CarTalk.com Blogs Car Info Our Show Deals Mechanics Files Vehicle Donation

2003 Nissan Xterra catalytic converter confusion

Greetings,

I just bought a 2003 Nissan Xterra. It has the 3.3L engine and after taking it in to a shop, reading the Haynes manual, and searching on line I am even more confused. Before purchasing the car I looked it over, crawled under, flicked every possible switch, and even hooked up my pocket scan. So it goes without saying that after purchasing it, and driving it for two hours the check engine light came on. I scanned again and the codes came back for catalytic converter failure(s). I took it in to the shop to see what they thought. Of course they said I needed to replace the catalytic converters, but I haven’t heard back from them. I have no problem doing the work myself but I can’t find answers for my questions. From what I can see the catalytic converters are “one piece” with the exhaust manifolds, with O2 sensors before and after. The problem is that 18" after those are two more canisters. The mechanic that checked the car says those are the actual cotalytic converters, but even if I change the (catalytic converters I may need to change the pre-catalytic convers. When I look up catalytic converters in the online parts, every site shows both.

If anyone can answer the following it would be greatly appreciated.

How many catalytic converters are there on this car?
Which are pre-cats, which are actual converters?
Are there aftermarket/performance systems that would meet the OBD2 requirements? (Magnaflow/Pace Setter/etc.) *Based on the over the phone quote from dealership I could replace the complete system with a performance system, but I am affraid to chage one problem for another.

First off you have to determine that it actually IS a catalytic converter. The ECU determines the cat is bad by the readings it’s receiving from the O2 sensors. Many times the O2 sensors fail and give a false reading and the ECU things it’s the Cat that’s failed and throws the code.There are tests you need to preform to determine if it’s the Cat or the O2 Sensor. Just scanning it won’t give you the answer.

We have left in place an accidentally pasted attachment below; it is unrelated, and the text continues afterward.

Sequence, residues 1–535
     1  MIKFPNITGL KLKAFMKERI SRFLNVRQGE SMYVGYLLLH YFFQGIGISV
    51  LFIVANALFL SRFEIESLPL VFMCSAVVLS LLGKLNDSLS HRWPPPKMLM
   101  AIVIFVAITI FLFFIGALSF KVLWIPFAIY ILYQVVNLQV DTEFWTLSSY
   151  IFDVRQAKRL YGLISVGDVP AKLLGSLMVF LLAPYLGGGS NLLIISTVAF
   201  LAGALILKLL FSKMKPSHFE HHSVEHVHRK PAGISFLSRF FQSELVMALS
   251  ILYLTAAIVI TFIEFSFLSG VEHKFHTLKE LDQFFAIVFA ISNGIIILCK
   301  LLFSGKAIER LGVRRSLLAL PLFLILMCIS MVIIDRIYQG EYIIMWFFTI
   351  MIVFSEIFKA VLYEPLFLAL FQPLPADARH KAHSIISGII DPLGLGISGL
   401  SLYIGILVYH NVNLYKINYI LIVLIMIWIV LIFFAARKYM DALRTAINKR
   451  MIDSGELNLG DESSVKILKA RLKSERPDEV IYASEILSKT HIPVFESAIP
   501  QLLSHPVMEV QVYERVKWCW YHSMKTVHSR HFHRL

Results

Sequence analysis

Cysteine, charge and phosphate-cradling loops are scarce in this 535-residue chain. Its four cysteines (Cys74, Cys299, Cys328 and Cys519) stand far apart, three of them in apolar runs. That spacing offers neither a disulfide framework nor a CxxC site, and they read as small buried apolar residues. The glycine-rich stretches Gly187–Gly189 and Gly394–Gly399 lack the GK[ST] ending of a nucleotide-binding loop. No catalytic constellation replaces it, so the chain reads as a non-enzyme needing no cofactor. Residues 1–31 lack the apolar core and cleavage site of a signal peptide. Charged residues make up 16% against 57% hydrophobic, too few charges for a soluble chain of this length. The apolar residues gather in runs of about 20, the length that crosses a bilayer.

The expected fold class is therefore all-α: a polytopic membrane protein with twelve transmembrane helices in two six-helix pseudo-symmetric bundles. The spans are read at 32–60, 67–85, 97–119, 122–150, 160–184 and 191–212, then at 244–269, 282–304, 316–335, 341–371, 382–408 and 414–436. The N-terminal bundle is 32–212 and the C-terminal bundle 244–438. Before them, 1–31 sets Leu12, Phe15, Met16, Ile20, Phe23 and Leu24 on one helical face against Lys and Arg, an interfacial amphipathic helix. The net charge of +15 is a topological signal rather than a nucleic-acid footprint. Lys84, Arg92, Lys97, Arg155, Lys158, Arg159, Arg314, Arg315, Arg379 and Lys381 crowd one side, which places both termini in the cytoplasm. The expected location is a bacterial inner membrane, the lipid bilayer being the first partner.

If it is the Cat…look at getting an aftermarket cat. Far cheaper then the dealer. As with any exhaust system…there are several possibilities. Doesn’t really matter as long as they were designed for that engine.

@Sahmwong did you buy the car from a dealer or used car lot?

If you did, you should go right back. I suspect they may have known about this issue and purposefully didn’t mention it.
The seller probably cleared codes right before you inspected and bought the car.
A dealer isn’t allowed to sell a car with the MIL on.
When you hooked up your code reader, the catalyst monitor hadn’t yet run to completion. So at that precise moment the code hadn’t “matured” yet. But on the drive home, the monitor completed, the code matured, and the MIL illuminated.
It sounds pretty shady to me, because you got the P0420 and P0430 codes and the MIL 2 hours after buying the car.
Those are your fault codes, right?
It’s possible that the real problem is the oxygen sensors, but that’s besides the point.

I think you got taken.

You need to go back, demand a refund of your money and/or demand that he fix it, at his cost.

First, thanks for your replies.
Mike, I will check out the O2 sensors before I buy new cats. I just got the specs so I can back probe them and know what I am looking at. That said, I also found out that this was a known problem (cats failing around100K mile) with the suv. My understanding was Nissan covered them for 8 years(which doesn’t help me). Anyways, oddly enough when I was checking the specs for the O2 sensors it says to heat them up to 600 degrees… which is what the mechanic said the problem was both O2 sensors being the same temp… And I thought Oxygen sensors monitored oxygen, not temperature…
db4690,
unfortunatly I bought it from an auction, and only had engine/transmission warrenty. I knew the risk up front, and I took it. I could go on about the risks involved in everything, but in the end, it is what it is. I just have to man up and climb under. Good thing it has some ground clearance…

If you bought them from an auction, you’re likely SOL, but check your state’s laws dealing with reselling used cars anyway. State laws vary.

I’d bet that the CEL was reset. But probably not by the auction house. In NH it’s perfectly legal for even a dealer to sell a used car that will not pass inspection as long as they notify the buyer in writng that it’s being sold as-is in an uninspectable condition.

As to the 600F, the catalyst in the converter (the platinum-palladium) isn’t effective in causing the nitrogen and oxygen molecules to seperate and the carbon monoxide and the carbon to capture oxygen atoms and become carbon dioxide (known as the “second burn”) until it’s heated to 600F. In application the exhaust heats them up. Your cylinder temps can get above 2,000 degrees, and that’ll easily heat up the catalyst, especially since it’s coated onto ceramic, which is great at retaining heat. Cook a stew in a ceramic pot and it’ll take all evening to cool. It’ll keep the stew hot well after the meal is over. That’s why it has to be tested at 600F or above. That’s its normal operating environment.